Whether a party has an adequate opportunity to litigate is determined by examining the nature of the administrative proceeding. See, e.g., Graham, 472 N.W.2d at 118 (finding adequate procedures in teacher-termination proceeding where impartial judge presided over the hearing, both parties were represented by counsel, record was made, and evidentiary rules were followed); Clapper, 437 N.W.2d at 726 (holding that unemployment proceedings did not constitute full and fair opportunity to be heard because tribunal was not bound to evidentiary and procedural rules, hearsay was admissible, and there were no provisions for juries). But we do not reach that level of inquiry when the issue was not actually litigated. Thus, the absence of a full and fair opportunity to be heard on an adjudicated issue also precludes the DOC’s determination on the franchise issue from having collateral-estoppel effect.
Hogin next argues that the district court erred in ruling that the distribution agreement is not a franchise under Minn. Stat. § 80C-01, subd. 4 (2002), because the training fees qualify as a franchise fee under the statute. Statutory construction is a question of law, which we review de novo. Brookfield Trade Ctr., Inc. v. County of Ramsey, 584 N.W.2d 390, 393 (Minn. 1998).
The Minnesota Franchise Act, Minn. Stat. §§ 80C.01-80C.22 (2002), governs the manner in which franchises are established and terminated. Minn. Stat. §§ 80C.01, subd. 4 (establishment), .14, subd. 3 (termination). The provisions are designed to protect potential franchises from unfair contracts and business practices. Martin Investors, Inc. v. Vander Bie, 269 N.W.2d 868, 872 (Minn. 1978). Hogin seeks damages from Barnmaster for alleged violations of the Minnesota Franchise Act.
A “franchise” is a contract or agreement between two or more persons
[(1)] by which a franchisee is granted the right to engage in the business of offering or distributing goods or services using the franchisor’s trade name, trademark, service mark, logotype, advertising, or other commercial symbol or related characteristics;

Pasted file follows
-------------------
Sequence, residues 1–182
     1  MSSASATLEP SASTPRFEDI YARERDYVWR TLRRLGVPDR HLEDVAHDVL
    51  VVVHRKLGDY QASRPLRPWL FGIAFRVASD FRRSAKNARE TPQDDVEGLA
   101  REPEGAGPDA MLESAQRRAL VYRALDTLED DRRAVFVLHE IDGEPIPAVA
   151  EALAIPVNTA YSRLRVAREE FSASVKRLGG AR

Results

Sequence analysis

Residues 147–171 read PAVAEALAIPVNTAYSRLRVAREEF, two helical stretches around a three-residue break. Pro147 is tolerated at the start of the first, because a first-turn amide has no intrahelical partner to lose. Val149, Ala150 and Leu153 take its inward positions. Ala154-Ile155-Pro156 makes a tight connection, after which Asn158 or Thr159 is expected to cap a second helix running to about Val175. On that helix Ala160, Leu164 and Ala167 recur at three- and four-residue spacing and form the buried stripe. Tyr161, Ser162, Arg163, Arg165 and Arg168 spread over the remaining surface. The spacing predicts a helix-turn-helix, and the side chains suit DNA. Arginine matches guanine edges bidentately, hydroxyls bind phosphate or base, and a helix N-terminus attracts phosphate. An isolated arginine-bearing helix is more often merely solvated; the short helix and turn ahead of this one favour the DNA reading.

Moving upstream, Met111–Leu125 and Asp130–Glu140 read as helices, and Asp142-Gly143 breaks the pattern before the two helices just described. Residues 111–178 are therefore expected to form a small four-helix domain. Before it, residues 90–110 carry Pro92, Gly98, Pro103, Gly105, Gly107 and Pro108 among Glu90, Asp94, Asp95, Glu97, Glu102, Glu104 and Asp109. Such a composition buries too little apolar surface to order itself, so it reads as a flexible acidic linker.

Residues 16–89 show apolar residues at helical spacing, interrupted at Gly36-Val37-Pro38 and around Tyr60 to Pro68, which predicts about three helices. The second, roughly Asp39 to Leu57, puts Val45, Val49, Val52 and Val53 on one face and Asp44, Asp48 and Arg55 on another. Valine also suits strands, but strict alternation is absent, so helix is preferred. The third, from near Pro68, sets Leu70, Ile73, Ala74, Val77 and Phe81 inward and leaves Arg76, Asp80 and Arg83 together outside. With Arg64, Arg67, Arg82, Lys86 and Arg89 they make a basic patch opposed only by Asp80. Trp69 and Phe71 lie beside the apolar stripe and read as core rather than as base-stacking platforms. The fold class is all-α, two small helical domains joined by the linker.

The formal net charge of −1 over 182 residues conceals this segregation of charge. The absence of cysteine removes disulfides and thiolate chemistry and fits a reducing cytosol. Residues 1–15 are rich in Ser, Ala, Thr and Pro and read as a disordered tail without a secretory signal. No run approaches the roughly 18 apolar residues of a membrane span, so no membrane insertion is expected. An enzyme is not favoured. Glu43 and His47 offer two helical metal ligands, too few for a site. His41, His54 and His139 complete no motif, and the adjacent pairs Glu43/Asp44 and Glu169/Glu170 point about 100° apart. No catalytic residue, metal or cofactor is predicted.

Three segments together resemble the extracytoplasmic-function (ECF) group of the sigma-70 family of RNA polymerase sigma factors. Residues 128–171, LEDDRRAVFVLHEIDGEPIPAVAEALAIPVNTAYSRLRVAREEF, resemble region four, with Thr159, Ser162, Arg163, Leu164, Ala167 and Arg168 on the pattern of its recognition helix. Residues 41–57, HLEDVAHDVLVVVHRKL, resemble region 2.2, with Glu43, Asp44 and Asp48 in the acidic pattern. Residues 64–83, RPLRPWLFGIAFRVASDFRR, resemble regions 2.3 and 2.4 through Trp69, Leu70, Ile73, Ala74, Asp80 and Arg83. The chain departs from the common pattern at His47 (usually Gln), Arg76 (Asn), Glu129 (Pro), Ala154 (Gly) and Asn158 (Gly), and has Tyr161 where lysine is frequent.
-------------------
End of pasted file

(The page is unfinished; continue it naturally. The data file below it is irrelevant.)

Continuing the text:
[(2)] in which the franchisor and franchisee have a community of interest in the marketing of goods or services at wholesale, retail, by lease, agreement, or otherwise; and
[(3)] for which the franchisee pays, directly or indirectly, a franchise fee.
Minn. Stat. § 80C.01, subd. 4(a)(1). A “franchise fee” is “any fee or charge that a franchisee * * * or subfranchisor is required to pay or agrees to pay for the right to enter into a business or to continue a business under a franchise agreement, including * * * any training fee or training school fees or charges * * * .” Id., subd. 9 (emphasis added).
Hogin maintains that, because the amount he paid as a training fee is more than 80 percent greater than the amount Barnmaster paid its employees who provided the training, the training fee constitutes a franchise fee. This argument fails, however, because the right to enter into a business relationship with Barnmaster was not predicated on the payment of the training fee.
The parties’ signed distribution agreement required neither a franchise fee nor an annual fee to maintain the distributorship. After the parties entered into their distribution agreement, Hogin requested training in the construction of the barns. While the training service was highly recommended, it was not mandatory. As an alternative, Barnmaster provided directions for construction in a video and an instruction manual. Moreover, neither party considered the fee necessary for their continued business relationship under the distributorship agreement.
In certain circumstances, required purchases of products at prices exceeding bona fide wholesale prices or requirements to purchase unreasonable amounts of inventory may disguise indirect franchise fees. Upper Midwest Sales Co. v. Ecolab, Inc., 577 N.W.2d 236, 241-43 (Minn. App. 1998). But those circumstances are not present here. Hogin purchased a display barn for $8,850 and, as required by the contract, $1,000 worth of Barnmaster inventory. The display barn was an optional purchase obtained from Barnmaster at the wholesale price. The purchase price for the required inventory did not exceed the wholesale price, and the record does not support any claim that the required quantity was unreasonable. See Am. Parts Sys., Inc. v. T & T Auto., Inc.,358 N.W.2d 674, 677 (Minn. App. 1984) (holding that minimum purchase requirement was not an indirect franchise fee because requirement did not exceed reasonable needs of the business). Because the record fails to establish that Hogin paid a franchise fee, either directly or indirectly, for the right to enter into the business or to continue its operation under the distributorship agreement, the district court correctly concluded that the distribution agreement is not a franchise.